900

O Holy Spirit, by Whose Breath

Scripture References

Further Reflections on Scripture References

Although the ancient text acquires a modern face with the freshness of Grant's translation, the ancient and biblical images are still very much present: we sing of the Spirit as "breath" and "fire" (st. 1); as "giver and Lord of life" (st. 2); as "energy" and giver of gifts (st. 3); as source of light and love (st. 4); and as bringer of peace, fullness, and unity (st. 5). The text concludes with a fine Trinitarian doxology (st. 6).

 

Bert Polman, Psalter Hymnal Handbook

Confessions and Statements of Faith References

Further Reflections on Confessions and Statements of Faith References

Belgic Confession, Article 26 provides the foundation for all our praying: “We believe that we have no access to God except through the one and only Mediator and Intercessor ‘Jesus Christ the righteous,’ who therefore was made human, uniting together the divine and human natures, so that we human beings might have access to the divine Majesty. Otherwise we would have no access.” We offer our prayers, therefore, “only on the basis of the excellence and dignity of Jesus Christ, whose righteousness is ours by faith.” Heidelberg Catechism, Lord’s Day 46, Question and Answer 120 verifies this privilege when it says, “Through Christ God has become our Father, and…just as our parents do not refuse us the things of this life, even less will God our Father refuse to give us what we ask in faith.”

900

O Holy Spirit, by Whose Breath

Additional Prayers

A Prayer of Acclamation
Holy Spirit of God, you brood over the face of the earth. You start tongues speaking and fires glowing and winds blowing. You stab people with remorse and longing. Holy Spirit of God, burn in us now for Jesus’ sake. Amen.
— Cornelius Plantinga, Jr.
900

O Holy Spirit, by Whose Breath

Tune Information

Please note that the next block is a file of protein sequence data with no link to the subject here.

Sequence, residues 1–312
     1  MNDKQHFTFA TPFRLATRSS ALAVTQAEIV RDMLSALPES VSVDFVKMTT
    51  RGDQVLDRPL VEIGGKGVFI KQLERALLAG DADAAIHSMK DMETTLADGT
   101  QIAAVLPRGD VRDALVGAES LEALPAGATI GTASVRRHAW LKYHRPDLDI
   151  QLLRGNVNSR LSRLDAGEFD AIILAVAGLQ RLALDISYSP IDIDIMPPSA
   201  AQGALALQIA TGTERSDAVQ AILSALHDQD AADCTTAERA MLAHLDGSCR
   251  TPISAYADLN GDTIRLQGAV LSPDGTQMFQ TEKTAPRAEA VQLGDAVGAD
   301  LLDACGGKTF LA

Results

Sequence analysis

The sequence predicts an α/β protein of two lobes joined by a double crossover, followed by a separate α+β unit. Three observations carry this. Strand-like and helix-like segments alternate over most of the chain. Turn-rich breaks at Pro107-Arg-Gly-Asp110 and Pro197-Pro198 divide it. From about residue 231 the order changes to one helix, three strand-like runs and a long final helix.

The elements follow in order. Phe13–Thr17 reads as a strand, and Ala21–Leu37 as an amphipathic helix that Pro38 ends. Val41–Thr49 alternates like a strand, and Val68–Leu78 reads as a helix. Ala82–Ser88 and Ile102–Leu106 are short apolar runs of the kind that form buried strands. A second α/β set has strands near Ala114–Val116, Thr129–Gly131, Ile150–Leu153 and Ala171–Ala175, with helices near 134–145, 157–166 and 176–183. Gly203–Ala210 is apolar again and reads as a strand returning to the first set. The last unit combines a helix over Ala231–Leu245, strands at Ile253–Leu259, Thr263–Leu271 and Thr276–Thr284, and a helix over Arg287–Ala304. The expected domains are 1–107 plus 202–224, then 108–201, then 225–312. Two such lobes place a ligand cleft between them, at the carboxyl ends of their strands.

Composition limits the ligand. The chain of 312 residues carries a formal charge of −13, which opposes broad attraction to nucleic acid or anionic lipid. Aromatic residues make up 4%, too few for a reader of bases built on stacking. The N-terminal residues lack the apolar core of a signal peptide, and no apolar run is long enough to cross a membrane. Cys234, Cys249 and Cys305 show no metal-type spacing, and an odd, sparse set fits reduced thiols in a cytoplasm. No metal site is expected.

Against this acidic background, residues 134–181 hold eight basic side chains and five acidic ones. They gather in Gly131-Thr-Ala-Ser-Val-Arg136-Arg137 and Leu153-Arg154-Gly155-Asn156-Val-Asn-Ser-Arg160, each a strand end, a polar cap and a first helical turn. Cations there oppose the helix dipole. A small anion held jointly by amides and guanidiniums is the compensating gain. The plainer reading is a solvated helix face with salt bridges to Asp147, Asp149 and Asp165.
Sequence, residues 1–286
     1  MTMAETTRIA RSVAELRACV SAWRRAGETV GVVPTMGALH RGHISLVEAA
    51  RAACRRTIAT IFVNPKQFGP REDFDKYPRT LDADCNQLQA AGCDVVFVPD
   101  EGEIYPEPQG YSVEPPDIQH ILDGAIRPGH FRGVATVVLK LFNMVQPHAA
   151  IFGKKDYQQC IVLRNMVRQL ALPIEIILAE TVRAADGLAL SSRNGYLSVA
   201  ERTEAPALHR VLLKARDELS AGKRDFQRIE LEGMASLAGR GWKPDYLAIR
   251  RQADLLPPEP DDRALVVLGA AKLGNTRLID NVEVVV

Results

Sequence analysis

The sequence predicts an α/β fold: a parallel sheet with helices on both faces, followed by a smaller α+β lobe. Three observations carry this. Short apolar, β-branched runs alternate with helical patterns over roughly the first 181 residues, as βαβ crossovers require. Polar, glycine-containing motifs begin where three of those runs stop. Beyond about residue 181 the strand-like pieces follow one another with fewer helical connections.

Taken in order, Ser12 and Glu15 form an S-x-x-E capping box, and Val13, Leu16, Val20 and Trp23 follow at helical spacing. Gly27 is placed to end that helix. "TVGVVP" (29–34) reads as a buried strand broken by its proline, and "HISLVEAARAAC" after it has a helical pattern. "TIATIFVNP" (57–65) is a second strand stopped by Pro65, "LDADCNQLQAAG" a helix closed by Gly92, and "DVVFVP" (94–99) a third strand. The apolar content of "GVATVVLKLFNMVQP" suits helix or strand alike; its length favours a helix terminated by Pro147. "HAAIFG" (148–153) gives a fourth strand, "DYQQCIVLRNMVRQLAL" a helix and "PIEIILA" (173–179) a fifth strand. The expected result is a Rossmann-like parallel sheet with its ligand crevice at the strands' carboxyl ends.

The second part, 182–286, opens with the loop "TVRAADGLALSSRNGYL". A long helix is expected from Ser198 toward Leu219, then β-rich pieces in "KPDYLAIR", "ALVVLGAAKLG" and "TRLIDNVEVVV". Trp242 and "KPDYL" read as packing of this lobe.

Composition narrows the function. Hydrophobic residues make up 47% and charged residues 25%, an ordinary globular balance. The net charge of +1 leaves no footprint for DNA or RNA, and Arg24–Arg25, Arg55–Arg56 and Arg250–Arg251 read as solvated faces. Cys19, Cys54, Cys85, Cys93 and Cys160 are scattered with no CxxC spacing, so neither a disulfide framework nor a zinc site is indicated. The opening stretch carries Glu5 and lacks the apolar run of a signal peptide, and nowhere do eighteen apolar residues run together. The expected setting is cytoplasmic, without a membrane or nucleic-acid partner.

Name
PUER NOBIS
Key
D Major
Meter
8.8.8.8

Musical Suggestion

The following is a way to introduce this hymn and use it meaningfully to frame the service:
  1. Opening of the service: The organ (or bell choir) plays through the hymn at the end of the prelude, followed by the choir or soloist singing stanza 1 as an opening prayer. The choir could frame (sing both before and after) stanza 1 with the Taize "Alleluia" (Lift Up Your Hearts #189).
  2. Prayer for illumination: Before Scripture and sermon, the choir could sing stanza 1 again, with the congregation continuing on stanzas 2-4.
  3. Doxology: all on stanzas 5-6.
(from Reformed Worship, Issue 15)
— Emily Brink
900

O Holy Spirit, by Whose Breath

Hymn Story/Background

This text is based on the Latin hymn "Veni, Creator Spiritus." Translated by John W. Grant in 1968 and published in the Canadian Anglican and United Hymn Book (1971). Stanley L. Osborne writes, “The vividness and freshness of its expression combined with its faithfulness to the spirit of the original text marks it as one of the finest translations ever to come out of this century” (If Such Holy Song, 246).
 
Although the ancient text acquires a modern face with the freshness of Grant's translation, the ancient and biblical images are still very much present: we sing of the Spirit as "breath" and "fire" (st. 1); as "giver and Lord of life" (st. 2); as "energy" and giver of gifts (st. 3); as source of light and love (st. 4); and as bringer of peace, fullness, and unity (st. 5). The text concludes with a fine Trinitarian doxology (st. 6).